Sunday, June 5, 2011

Book Review: The Lens and the Looker



Media Type: Book
Title: The Lens and the Looker
Author: Lory Kaufman
Publisher: The Fiction Studio
Pages: Paperback; 336
Release Date: March 16, 2011
Source: Pump Up Your Book
=====================
Intended Reading Group:
Young Adult

Content Screening:
Mild language, Mild violence

HDB Rating: 
4 Keys to My Heart

It’s the 24th century and humans, with the help of artificial intelligences (A.I.s) have finally created the perfect post-dystopian society. To make equally perfect citizens for this world, the elders have created History Camps, full sized recreations of cities from Earth’s distant pasts. Here teens live the way their ancestors did, doing the same dirty jobs and experiencing the same degradations. History Camps teach youths not to repeat the mistakes that almost caused the planet to die. But not everything goes to plan.

In this first of a trilogy, we meet three spoiled teens in the year 2347. Hansum almost 17, is good looking and athletic. Shamira, 15, is sassy, independent and an artistic genius. Lincoln, 14, is the smart-aleck. But you don’t have to scratch too far beneath the surface to find his insecurities.

These three “hard cases” refuse the valuable lessons History Camps teach. But when they are kidnapped and taken back in time to 1347 Verona, Italy, they only have two choices; adapt to the harsh medieval ways or die. The dangers are many, their enemies are powerful, and safety is a long way away. It’s hardly the ideal environment to fall in love – but that’s exactly what happens. In an attempt to survive, the trio risks introducing technology from the future. It could save them – or it could change history.
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Definitely one of the more unique books that I've read in a while, The Lens and the Looker blends both historical fiction and a bit of post-dystopian fiction into a perfect mixture of a book. I went into this story a little worried, since again historical fiction doesn't generally tend to be my favorite genre. However Lory Kaufman has found a way to blend these two worlds together, and he creates characters that will captivate you and draw you in. Despite my original misgivings, this was a book that I completely enjoyed.

Hansum, Shamira and Lincoln are all kids who are growing up in the year 2347. However during the course of the story, they are transported to the year 1347 in Verona, Italy. What I liked about these characters was how well they complimented one another. Hansum is the oldest, and although he has a snarky attitude sometimes, he's also very intelligent and perceptive. Shamira is good at understanding others, and kind of fills in the holes that they boys have in the emotional department. Then there's Lincoln of course, who kind of ends up as the comedic relief. He definitely has his share of insecurities, but he's also quite funny because of that! These characters bond together beautifully to pull you in and make you want to read on. I wanted to see what happened to them. Would they be smart enough and resourceful enough to make it through? One can only hope.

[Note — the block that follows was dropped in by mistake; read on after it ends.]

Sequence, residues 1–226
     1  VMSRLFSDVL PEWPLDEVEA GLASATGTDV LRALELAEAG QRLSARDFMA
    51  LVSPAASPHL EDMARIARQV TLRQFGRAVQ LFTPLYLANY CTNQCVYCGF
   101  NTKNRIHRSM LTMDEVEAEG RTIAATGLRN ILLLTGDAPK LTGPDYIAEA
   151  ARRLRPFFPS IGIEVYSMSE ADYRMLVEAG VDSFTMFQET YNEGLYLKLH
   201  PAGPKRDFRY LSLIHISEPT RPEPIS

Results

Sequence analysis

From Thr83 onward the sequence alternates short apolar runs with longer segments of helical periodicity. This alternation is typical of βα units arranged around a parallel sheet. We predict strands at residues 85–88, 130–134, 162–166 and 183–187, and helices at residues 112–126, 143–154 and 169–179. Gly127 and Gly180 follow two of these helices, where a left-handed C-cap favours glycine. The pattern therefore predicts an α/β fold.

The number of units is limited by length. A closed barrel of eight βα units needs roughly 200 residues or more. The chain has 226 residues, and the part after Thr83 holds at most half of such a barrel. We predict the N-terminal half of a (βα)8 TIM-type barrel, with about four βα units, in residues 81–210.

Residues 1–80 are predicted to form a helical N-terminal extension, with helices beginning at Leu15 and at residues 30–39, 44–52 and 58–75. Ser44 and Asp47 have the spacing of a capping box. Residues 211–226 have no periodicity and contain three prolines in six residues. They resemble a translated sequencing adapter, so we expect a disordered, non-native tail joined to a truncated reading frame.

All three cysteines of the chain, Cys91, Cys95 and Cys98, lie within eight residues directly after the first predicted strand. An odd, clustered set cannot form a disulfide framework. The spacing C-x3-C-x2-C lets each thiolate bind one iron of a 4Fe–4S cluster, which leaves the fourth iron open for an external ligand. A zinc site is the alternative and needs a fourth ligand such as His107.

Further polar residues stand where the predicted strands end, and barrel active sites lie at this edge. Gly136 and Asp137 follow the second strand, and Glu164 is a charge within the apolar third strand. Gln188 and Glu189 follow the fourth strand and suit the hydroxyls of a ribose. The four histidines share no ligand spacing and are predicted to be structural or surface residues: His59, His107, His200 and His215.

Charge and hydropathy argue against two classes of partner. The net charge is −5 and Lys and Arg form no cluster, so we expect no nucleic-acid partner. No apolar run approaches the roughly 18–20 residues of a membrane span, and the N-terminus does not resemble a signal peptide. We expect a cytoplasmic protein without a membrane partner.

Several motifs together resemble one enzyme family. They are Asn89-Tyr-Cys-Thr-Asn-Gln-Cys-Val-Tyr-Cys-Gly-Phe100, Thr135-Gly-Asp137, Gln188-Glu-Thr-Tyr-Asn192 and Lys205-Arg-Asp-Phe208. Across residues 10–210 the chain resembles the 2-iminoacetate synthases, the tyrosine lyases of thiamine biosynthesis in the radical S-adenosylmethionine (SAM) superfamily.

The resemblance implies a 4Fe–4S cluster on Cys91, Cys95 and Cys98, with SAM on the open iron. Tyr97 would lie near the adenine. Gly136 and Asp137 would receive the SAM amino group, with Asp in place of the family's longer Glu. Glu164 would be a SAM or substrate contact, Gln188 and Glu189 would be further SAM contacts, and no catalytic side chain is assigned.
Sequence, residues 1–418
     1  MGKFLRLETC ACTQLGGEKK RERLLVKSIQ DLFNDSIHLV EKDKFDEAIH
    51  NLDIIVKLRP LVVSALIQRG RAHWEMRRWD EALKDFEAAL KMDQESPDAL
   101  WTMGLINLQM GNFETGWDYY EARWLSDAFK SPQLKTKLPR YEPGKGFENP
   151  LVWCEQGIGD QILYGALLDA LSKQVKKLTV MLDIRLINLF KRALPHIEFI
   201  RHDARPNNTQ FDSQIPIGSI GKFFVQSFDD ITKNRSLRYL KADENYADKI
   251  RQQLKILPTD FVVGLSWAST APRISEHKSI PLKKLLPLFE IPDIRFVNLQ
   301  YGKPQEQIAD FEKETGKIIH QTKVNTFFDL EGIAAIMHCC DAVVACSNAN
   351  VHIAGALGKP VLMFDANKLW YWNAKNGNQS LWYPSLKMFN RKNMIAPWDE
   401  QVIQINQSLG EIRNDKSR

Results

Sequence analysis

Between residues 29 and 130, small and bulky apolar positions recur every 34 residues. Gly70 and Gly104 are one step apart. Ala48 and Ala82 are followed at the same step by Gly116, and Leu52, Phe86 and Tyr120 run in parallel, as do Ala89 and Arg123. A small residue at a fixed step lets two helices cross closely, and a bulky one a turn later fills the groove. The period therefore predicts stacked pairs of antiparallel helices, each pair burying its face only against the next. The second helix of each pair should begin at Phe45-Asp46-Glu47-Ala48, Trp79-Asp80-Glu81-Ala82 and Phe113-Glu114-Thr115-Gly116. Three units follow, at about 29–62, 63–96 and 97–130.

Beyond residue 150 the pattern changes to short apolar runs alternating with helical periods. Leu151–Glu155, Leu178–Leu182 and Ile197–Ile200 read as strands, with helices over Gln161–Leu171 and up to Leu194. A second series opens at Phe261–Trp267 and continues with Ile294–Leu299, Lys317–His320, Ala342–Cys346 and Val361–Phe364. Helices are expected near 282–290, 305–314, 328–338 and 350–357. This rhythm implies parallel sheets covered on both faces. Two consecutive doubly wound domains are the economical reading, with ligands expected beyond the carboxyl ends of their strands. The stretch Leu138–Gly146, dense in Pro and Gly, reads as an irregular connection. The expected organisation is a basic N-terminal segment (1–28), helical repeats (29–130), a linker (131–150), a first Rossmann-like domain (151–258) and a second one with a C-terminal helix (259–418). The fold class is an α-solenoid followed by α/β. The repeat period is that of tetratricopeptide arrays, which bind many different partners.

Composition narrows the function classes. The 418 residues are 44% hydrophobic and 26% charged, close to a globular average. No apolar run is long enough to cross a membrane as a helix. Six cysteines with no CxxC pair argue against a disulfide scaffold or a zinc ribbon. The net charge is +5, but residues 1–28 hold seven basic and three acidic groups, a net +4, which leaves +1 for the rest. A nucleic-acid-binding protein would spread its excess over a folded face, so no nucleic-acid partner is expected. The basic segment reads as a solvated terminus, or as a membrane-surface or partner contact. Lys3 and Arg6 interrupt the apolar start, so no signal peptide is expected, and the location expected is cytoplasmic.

The setting of this book is mainly Verona in the 1300's. I'll admit that the one thing that I was a little disappointed in was that I didn't get to learn more about the world that these kids came from, before being deposited in the past. There are little snippets of their original home given out here and there, but as a person who is rather in love with dystopian and post-dystopian fiction, I really wanted to see what it was that they didn't appreciate. I suppose there was an inner part of me that wanted to compare right along with them. I know that I would be glad to be home after being in 1300's Verona, and we live in a time that is supposedly much less amazing than theirs!

Overall though I really enjoyed this story. The research that was done into this time period shines through on each page. Verona is described perfectly, right down to the less pleasant aspects of it during this time, and it is easy to find yourself transported there as you read. Add in characters who are intelligent, multi-faceted and downright intriguing, and you have a book that is quite a read. The Lens and the Looker is admittedly not something I would have chosen for myself, but that makes me all the more glad that I was offered it for review. It has changed my perception of the genre of historical fiction even more towards the positive side. I know that there is a sequel coming soon, and I cannot wait to find out what adventures these three teens will go on next. Thank you Lory Kaufman, for bringing a new world into my reading.







FTC Disclosure: I received a copy of this book in exchange for a fair and honest review. I was not monetarily compensated for my opinion.

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